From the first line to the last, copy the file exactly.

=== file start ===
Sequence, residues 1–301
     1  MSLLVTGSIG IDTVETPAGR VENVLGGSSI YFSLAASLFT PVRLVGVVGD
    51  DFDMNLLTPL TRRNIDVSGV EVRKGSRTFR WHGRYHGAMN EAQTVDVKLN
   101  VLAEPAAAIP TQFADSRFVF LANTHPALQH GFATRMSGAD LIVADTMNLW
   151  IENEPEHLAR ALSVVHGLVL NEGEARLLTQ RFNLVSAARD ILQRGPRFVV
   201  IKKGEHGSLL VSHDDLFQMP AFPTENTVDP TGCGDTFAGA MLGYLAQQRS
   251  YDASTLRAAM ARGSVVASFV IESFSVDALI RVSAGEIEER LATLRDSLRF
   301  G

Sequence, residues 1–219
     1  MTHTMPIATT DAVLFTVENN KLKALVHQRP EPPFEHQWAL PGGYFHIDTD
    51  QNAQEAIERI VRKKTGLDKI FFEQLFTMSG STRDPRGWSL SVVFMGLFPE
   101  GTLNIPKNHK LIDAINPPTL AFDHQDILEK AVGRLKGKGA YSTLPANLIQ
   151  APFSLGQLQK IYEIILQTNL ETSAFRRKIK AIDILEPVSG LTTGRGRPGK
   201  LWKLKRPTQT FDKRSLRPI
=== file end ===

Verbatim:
Sequence, residues 1–301
     1  MSLLVTGSIG IDTVETPAGR VENVLGGSSI YFSLAASLFT PVRLVGVVGD
    51  DFDMNLLTPL TRRNIDVSGV EVRKGSRTFR WHGRYHGAMN EAQTVDVKLN
   101  VLAEPAAAIP TQFADSRFVF LANTHPALQH GFATRMSGAD LIVADTMNLW
   151  IENEPEHLAR ALSVVHGLVL NEGEARLLTQ RFNLVSAARD ILQRGPRFVV
   201  IKKGEHGSLL VSHDDLFQMP AFPTENTVDP TGCGDTFAGA MLGYLAQQRS
   251  YDASTLRAAM ARGSVVASFV IESFSVDALI RVSAGEIEER LATLRDSLRF
   301  G

Sequence, residues 1–219
     1  MTHTMPIATT DAVLFTVENN KLKALVHQRP EPPFEHQWAL PGGYFHIDTD
    51  QNAQEAIERI VRKKTGLDKI FFEQLFTMSG STRDPRGWSL SVVFMGLFPE
   101  GTLNIPKNHK LIDAINPPTL AFDHQDILEK AVGRLKGKGA YSTLPANLIQ
   151  APFSLGQLQK IYEIILQTNL ETSAFRRKIK AIDILEPVSG LTTGRGRPGK
   201  LWKLKRPTQT FDKRSLRPI